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Old 10-20-2017, 04:45 PM   #8
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Quote:
Originally Posted by Charlie-III View Post

Dude, wrong, just wrong....maybe a typo......
Elastic deformation means the fastener goes back to original dimension, as much as it can.
Plastic deformation means you "went too far"......,
No, I'm not an engineer, just decades doing various work that makes me read up on engineering stuff.
If I'm wrong, show me, I can adjust.
Hoping you had an autocorrect that changed your reply.
.
no your right, I used the wrong term. Elastic would be correct.
I just wanted to point out they were not stretched other than while under load.
Since they now have 'torque to yield' bolts people start confusing the two and think once it's used it is permanently stretched, so I figured he might have thought that applied.
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Old 10-20-2017, 05:12 PM   #9
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Yes, you can reuse head bolts - I have been told by Subaru as many as 4 or 5 times. There is suppose to be a specification for checking length but I've never seen it.

Your head torque values are for an earlier engine - NOT a 2009 N/A EJ25 Impreza. You should have:

Use a new cylinder head gasket.

(1) Clean the bolt threads and the bolt holes in the cylinder block.
CAUTION:
To avoid erroneous tightening of the bolts, clean out the bolt holes sufficiently by blowing with compressed air to eliminate engine coolant etc.


(2) Apply a sufficient coat of engine oil to the washer and bolt thread.

(3) Tighten all bolts to 40 Nm (4.1 kgf-m, 29.5 ft-lb) in alphabetical order.

(4) Retighten all bolts to 95 Nm (9.7 kgf-m, 70.1 ft-lb) in alphabetical order.
CAUTION:
If the bolt makes stick-slip sound during tightening, repeat the procedure from step (1). In this case, the cylinder head gasket can be reused.


(5) Loosen all the bolts by 180 in the reverse order of installing, and loosen them further by 180.

(6) Tighten all bolts to 10 Nm (1.0 kgf-m, 7.4 ft-lb) in alphabetical order.

(7) Retighten all bolts to 30 Nm (3.1 kgf-m, 22.1 ft-lb) in alphabetical order.

(8) Retighten all bolts to 60 Nm (6.1 kgf-m, 44.3 ft-lb) in alphabetical order.

(9) Retighten all bolts by 80 90 in alphabetical order.

(10) Retighten all bolts by 40 45 in alphabetical order.
CAUTION:
The tightening angle of the bolt should not exceed 45.


(11) Retighten bolts (a) and (b) by 40 45.
CAUTION:
Make sure the total tightening angle of steps (10) and (11) does not exceed 90.


Bolts (a) and (b) are the two center ones the outside four should be an "X" pattern. do (a), (b) and then "X" in each step except step 11.



The first tighten/loosen is to seat the head and gasket as there supposedly a tendency for the head to slip around. These head are located with dowels so your guess is as good as mine.
When I started working at Subaru I was taught to skip 3, 4, and 5. Several hundred SOHC, DOHC, and turbo EJ head gaskets later and have never had a problem. I have even heard field engineers drop hints that it was acceptable.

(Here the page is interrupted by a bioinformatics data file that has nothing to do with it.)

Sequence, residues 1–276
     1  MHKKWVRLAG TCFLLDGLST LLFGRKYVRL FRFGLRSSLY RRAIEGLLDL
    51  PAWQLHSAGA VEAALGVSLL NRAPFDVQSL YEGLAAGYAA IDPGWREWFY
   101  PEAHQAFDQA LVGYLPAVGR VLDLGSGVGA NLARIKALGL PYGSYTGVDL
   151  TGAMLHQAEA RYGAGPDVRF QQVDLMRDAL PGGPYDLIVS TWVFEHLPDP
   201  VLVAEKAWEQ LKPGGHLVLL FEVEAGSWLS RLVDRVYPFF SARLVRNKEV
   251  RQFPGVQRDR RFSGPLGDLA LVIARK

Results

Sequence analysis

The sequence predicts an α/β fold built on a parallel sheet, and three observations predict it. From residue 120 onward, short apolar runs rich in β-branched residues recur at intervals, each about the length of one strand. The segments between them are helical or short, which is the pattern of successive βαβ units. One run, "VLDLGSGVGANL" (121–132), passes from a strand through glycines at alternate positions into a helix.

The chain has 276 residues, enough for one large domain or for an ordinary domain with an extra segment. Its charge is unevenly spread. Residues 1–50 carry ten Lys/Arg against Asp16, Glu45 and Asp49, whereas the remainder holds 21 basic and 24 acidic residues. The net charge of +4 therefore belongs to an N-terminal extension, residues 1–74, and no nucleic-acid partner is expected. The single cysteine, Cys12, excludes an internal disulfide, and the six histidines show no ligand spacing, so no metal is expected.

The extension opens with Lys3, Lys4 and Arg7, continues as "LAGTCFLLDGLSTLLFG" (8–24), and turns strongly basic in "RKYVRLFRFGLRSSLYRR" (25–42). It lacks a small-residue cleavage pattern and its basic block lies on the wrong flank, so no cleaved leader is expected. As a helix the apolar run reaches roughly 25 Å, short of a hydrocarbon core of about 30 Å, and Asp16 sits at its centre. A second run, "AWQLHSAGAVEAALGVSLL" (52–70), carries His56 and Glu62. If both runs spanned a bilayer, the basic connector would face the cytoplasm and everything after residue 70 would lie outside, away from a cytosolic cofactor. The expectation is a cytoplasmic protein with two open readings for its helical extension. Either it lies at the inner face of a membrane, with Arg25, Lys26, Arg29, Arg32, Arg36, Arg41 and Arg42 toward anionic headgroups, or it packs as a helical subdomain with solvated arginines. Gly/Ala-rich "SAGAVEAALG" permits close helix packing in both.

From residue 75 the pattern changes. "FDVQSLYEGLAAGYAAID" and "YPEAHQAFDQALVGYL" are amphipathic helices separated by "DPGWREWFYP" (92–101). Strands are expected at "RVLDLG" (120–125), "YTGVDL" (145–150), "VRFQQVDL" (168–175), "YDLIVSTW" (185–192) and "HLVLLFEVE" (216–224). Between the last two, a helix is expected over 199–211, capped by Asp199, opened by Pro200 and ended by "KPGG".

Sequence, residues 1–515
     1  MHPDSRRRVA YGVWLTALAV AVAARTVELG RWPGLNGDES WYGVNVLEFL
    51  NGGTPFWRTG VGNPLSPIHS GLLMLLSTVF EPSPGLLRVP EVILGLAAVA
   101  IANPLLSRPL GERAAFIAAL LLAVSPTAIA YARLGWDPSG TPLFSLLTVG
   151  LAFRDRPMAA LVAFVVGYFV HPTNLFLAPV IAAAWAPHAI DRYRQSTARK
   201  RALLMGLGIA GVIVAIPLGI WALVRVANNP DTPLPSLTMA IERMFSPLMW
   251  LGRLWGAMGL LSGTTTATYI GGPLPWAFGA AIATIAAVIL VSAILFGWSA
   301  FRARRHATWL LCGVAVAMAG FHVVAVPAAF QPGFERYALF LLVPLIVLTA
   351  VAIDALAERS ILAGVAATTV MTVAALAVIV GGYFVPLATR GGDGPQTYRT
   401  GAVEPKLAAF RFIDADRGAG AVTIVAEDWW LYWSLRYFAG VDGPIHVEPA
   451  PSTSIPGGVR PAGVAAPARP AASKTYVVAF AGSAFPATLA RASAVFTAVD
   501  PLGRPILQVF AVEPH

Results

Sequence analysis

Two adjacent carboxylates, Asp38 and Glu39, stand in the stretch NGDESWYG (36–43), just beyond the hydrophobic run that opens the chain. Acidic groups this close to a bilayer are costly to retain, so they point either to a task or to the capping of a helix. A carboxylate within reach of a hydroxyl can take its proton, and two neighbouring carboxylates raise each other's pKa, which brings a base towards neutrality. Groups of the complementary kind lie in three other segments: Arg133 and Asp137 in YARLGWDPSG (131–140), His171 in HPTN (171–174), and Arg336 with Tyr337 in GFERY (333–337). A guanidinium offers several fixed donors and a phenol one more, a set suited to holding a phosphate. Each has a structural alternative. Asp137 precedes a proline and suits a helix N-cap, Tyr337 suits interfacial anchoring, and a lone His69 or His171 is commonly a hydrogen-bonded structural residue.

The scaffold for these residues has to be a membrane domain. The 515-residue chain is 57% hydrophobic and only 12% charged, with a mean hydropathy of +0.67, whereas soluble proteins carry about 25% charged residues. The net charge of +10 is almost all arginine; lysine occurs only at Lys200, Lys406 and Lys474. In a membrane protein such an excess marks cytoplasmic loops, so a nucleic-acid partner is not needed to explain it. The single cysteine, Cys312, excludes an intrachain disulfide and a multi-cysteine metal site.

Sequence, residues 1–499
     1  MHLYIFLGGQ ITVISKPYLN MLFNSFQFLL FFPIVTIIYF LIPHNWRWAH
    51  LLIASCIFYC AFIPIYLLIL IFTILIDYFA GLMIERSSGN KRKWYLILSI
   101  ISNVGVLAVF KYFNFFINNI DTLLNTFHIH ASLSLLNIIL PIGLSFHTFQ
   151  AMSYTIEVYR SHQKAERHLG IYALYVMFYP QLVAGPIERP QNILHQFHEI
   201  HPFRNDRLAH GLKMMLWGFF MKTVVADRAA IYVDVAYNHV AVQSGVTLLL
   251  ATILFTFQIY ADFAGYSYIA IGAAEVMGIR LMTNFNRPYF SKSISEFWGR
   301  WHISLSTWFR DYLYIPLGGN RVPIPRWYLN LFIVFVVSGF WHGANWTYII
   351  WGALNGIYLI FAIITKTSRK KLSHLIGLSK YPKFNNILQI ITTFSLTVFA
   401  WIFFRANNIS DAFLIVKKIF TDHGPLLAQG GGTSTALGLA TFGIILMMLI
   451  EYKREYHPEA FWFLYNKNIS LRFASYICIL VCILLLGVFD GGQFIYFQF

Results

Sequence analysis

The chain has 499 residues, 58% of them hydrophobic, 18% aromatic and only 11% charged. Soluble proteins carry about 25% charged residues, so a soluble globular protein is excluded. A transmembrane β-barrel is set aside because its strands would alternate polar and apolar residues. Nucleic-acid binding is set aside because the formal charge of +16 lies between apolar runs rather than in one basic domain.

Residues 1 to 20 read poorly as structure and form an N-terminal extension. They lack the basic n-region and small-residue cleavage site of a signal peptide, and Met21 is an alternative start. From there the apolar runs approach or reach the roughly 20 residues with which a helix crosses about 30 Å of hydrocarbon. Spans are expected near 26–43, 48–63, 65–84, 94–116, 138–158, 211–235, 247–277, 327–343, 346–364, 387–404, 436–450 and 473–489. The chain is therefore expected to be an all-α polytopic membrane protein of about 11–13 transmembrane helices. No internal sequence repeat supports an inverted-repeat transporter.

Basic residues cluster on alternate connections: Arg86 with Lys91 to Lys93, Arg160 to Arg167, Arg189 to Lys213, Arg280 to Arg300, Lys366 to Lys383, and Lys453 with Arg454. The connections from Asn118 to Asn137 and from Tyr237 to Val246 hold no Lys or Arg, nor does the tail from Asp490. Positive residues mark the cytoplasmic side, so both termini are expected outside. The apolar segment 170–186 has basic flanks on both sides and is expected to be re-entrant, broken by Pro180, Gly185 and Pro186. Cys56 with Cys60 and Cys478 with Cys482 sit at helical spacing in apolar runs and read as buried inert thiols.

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Old 10-20-2017, 06:05 PM   #10
Charlie-III
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Quote:
Originally Posted by Elbert Bass View Post
Yes, you can reuse head bolts - I have been told by Subaru as many as 4 or 5 times. There is suppose to be a specification for checking length but I've never seen it.

Your head torque values are for an earlier engine - NOT a 2009 N/A EJ25 Impreza. You should have:

Use a new cylinder head gasket.

(1) Clean the bolt threads and the bolt holes in the cylinder block.
CAUTION:
To avoid erroneous tightening of the bolts, clean out the bolt holes sufficiently by blowing with compressed air to eliminate engine coolant etc.


(2) Apply a sufficient coat of engine oil to the washer and bolt thread.

(3) Tighten all bolts to 40 Nm (4.1 kgf-m, 29.5 ft-lb) in alphabetical order.

(4) Retighten all bolts to 95 Nm (9.7 kgf-m, 70.1 ft-lb) in alphabetical order.
CAUTION:
If the bolt makes stick-slip sound during tightening, repeat the procedure from step (1). In this case, the cylinder head gasket can be reused.


(5) Loosen all the bolts by 180 in the reverse order of installing, and loosen them further by 180.

(6) Tighten all bolts to 10 Nm (1.0 kgf-m, 7.4 ft-lb) in alphabetical order.

(7) Retighten all bolts to 30 Nm (3.1 kgf-m, 22.1 ft-lb) in alphabetical order.

(8) Retighten all bolts to 60 Nm (6.1 kgf-m, 44.3 ft-lb) in alphabetical order.

(9) Retighten all bolts by 80 — 90 in alphabetical order.

(10) Retighten all bolts by 40 — 45 in alphabetical order.
CAUTION:
The tightening angle of the bolt should not exceed 45.


(11) Retighten bolts (a) and (b) by 40 — 45.
CAUTION:
Make sure the total “tightening angle” of steps (10) and (11) does not exceed 90.


Bolts (a) and (b) are the two center ones the outside four should be an "X" pattern. do (a), (b) and then "X" in each step except step 11.



The first tighten/loosen is to seat the head and gasket as there supposedly a tendency for the head to slip around. These head are located with dowels so your guess is as good as mine.